Value Added Tax
Having VAT explained to you by your accountant can sometimes seem overwhelming, which is why I wrote this short guide in a way in which you can use it as a reference document in bite sized pieces, I will also be regularly updating it as the VAT rules change.
What is VAT?
VAT stands for value added tax and is often applicable to both limited companies and sole-traders because it is a sales tax which can apply to the sale or purchase of goods and services when certain thresholds have been surpassed or a business choses to register voluntarily.
It’s worth considering that not all VAT registered businesses end up paying it and there are many out there regularly receiving refunds on their quarterly vat returns.
This is because the overall rate businesses pay VAT at depends on an offset between the output VAT collected from customers and the input VAT paid out for business expenses, this is why it is possible for some businesses to be owed a refund by HMRC in instances where they have paid out more than they received in sales.
Before we progress further with the article, I want to point out that VAT fraud happens in our economy and it is a business owners responsibility to ensure that they charge VAT at the correct rate and any supplier they claim VAT (input) for is actually a VAT registered business and that the rate of VAT charged is correct, there’s a useful tool here to check their VAT registration number.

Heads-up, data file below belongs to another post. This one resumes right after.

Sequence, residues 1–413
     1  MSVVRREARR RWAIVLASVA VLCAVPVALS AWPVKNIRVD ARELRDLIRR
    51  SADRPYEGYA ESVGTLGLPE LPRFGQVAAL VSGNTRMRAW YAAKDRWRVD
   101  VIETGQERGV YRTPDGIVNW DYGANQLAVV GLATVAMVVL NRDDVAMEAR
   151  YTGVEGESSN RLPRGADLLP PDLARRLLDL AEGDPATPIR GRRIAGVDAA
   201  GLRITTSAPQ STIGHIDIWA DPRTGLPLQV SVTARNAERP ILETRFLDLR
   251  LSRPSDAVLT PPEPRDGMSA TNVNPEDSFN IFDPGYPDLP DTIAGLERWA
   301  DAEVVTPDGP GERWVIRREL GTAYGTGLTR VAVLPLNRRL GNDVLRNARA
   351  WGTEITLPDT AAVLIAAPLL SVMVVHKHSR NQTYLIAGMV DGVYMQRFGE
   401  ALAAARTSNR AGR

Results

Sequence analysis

Need Some More Advice?GET IN TOUCH
Who needs to register for VAT?
Do I have to pay VAT if I’m self-employed?
Contrary to popular belief, the rules regarding who has to register for VAT do not discriminate between limited companies and a self employed person. And if you are self employed and working as a sole trader then you need to be extra careful as VAT related issues can impact your personal financial security.
When a businesses VAT taxable turnover in a rolling 12 month period exceeds the small business VAT threshold of £85,000 (2023), the VAT rules say it must register for VAT and submit VAT returns.
It is worth noting that this is based taxable supplies in the last 12 months of sales and not an accounting period or tax year, this often trips people up.